The government’s and Judge Warren’s concerns proved to be unfounded. The information revealed by The Progressive has never been traced to the development of a nuclear weapon, even though terrorist groups such as Al-Qaeda and ISIS would love nothing better than to develop their own nukes. Building nuclear weapons involves a lot more than reading an article about it.
The threat posed by Cody Wilson’s plastic-handgun instructions is less existential but also more immediate. Though buying guns illegally (or stealing them) is easier than printing them out today, that is likely to change over the next few years. But the way to ensure public safety without violating the First Amendment is to outlaw activity, not speech. Plastic handguns are illegal unless they contain metal components. Guns without serial numbers are illegal.
“The distinction between regulating information about guns and regulating a tool that would automatically allow someone to manufacture a gun matters,” writes Boston University law professor Andrew Sellars at Slate. Echoing Erwin Knoll’s earlier argument, Sellars adds: “We protect speech so strongly under the First Amendment in part because we want to ensure unfettered discussion of policy matters.”
By temporarily preventing Wilson from publishing his blueprints, Judge Lasnik has already violated Wilson’s — and our — First Amendment rights. Let’s hope that on further reflection he comes to understand that when we try to ensure safety by suppressing free speech, we end up with neither.
Two Fridays ago the 37-year-old New York Times publisher met with President Trump at the White House for what he thought was an off-the-record discussion. Trump, as is his wont, later tweeted out his own dubious version of what had happened. “Spent much time talking about the vast amounts of Fake News being put out by the media & how that Fake News has morphed into phrase, ‘Enemy of the People,’” the president wrote. “Sad!”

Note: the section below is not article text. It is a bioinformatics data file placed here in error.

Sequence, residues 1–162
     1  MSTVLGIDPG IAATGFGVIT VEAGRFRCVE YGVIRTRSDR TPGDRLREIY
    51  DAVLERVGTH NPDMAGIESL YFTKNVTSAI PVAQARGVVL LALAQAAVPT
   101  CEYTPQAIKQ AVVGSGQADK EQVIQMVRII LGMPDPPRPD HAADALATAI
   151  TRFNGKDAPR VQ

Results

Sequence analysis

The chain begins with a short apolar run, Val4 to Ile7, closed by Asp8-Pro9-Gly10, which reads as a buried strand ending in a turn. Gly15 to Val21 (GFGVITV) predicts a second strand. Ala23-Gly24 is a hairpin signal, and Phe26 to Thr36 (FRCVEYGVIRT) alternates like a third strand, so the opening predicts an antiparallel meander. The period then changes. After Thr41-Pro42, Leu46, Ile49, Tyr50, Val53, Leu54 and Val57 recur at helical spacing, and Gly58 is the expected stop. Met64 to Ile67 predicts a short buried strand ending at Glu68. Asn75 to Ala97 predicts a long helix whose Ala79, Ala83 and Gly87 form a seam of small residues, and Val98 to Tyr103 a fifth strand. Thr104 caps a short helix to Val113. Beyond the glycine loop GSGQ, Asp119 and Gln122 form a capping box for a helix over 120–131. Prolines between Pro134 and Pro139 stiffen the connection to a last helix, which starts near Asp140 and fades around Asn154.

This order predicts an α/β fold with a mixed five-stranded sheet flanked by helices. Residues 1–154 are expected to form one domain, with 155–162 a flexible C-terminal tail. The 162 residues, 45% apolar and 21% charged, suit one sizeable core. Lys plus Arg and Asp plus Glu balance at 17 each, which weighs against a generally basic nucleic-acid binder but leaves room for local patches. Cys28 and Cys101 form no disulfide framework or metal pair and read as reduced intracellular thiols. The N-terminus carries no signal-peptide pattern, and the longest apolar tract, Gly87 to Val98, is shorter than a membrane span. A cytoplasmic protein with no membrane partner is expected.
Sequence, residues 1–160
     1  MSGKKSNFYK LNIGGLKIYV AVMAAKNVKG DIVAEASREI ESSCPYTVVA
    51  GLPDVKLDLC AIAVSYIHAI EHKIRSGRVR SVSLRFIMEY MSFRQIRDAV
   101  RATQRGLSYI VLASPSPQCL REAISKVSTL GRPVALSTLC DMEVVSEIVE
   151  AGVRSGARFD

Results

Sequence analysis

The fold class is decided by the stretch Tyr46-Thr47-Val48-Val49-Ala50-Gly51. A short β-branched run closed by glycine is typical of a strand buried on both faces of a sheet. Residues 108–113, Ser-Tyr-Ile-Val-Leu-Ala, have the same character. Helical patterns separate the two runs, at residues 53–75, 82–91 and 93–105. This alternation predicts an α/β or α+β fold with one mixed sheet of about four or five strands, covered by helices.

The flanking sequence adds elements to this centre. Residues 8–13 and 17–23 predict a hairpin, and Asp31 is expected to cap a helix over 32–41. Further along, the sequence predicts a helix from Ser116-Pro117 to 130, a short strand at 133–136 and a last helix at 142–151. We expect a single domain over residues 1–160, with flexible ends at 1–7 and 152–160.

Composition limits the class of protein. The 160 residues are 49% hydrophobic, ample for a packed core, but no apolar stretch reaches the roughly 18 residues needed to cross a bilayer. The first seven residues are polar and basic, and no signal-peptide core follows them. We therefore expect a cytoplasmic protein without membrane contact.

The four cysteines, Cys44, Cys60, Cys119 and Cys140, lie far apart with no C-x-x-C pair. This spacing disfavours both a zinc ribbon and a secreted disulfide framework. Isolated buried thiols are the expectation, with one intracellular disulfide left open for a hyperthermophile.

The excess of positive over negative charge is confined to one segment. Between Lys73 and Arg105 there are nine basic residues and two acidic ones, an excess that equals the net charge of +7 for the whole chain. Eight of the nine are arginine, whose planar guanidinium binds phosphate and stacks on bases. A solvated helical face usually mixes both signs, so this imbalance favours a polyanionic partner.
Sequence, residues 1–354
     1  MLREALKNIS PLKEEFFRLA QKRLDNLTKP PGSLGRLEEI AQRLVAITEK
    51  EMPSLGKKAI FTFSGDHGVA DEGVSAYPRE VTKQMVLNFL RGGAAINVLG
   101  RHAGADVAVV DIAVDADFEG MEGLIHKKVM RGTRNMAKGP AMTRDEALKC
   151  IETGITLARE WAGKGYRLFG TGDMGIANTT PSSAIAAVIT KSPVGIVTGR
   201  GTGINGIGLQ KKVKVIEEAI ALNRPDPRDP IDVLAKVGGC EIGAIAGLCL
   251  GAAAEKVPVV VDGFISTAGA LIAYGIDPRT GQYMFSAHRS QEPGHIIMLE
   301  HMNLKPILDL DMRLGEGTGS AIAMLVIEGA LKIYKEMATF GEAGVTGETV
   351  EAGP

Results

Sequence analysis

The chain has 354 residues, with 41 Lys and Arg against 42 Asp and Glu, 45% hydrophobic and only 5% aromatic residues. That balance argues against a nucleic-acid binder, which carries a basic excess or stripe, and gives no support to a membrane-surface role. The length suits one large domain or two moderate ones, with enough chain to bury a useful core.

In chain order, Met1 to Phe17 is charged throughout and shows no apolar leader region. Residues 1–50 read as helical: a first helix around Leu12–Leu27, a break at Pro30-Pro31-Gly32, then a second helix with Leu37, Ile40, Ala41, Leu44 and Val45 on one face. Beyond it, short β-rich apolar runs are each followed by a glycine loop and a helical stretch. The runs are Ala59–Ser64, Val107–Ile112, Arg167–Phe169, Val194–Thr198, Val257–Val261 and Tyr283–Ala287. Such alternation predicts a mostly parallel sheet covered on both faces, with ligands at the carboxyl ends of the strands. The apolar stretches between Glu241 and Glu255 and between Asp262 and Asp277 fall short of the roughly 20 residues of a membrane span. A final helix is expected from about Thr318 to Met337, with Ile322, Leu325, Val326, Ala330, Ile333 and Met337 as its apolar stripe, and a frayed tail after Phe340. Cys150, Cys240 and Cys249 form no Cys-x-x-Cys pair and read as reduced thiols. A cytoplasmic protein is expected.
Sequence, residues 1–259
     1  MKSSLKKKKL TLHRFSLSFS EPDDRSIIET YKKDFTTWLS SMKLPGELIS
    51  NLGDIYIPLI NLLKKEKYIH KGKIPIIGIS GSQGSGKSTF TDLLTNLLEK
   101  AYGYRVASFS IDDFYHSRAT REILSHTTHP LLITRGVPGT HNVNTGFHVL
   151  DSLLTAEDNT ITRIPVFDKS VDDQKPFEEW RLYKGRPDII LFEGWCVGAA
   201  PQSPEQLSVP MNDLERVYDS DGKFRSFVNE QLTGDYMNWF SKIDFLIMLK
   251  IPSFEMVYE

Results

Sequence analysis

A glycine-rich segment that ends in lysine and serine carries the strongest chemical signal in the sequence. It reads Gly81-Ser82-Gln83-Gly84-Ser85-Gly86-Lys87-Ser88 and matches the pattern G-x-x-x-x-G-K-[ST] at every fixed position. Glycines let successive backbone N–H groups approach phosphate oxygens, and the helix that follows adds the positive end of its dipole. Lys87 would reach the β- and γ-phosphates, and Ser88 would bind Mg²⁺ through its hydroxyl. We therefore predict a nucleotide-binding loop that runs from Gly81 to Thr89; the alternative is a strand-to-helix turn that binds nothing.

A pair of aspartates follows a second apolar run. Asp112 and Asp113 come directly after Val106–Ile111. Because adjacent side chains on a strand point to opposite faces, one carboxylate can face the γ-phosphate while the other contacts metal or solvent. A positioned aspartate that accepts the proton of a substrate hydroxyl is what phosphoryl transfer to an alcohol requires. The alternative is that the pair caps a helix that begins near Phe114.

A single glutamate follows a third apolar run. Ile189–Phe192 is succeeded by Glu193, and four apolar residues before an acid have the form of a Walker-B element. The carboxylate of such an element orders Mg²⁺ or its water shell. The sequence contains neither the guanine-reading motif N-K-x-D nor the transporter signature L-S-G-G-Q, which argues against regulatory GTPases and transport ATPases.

Had a very good and interesting meeting at the White House with A.G. Sulzberger, Publisher of the New York Times. Spent much time talking about the vast amounts of Fake News being put out by the media & how that Fake News has morphed into phrase, “Enemy of the People.” Sad!
Which created a dilemma for Sulzberger. Should he act as though their off-the-record agreement was still in effect? Or should he push back at what he regarded as the president’s false characterization of their conversation? He chose the latter.
“I told the president directly that I thought that his language was not just divisive but increasingly dangerous,” Sulzberger said in a statement he issued this past Sunday, which the Times itself reported on. “I told him that although the phrase ‘fake news’ is untrue and harmful, I am far more concerned about his labeling journalists ‘the enemy of the people,’ I warned that this inflammatory language is contributing to a rise in threats against journalists and will lead to violence.”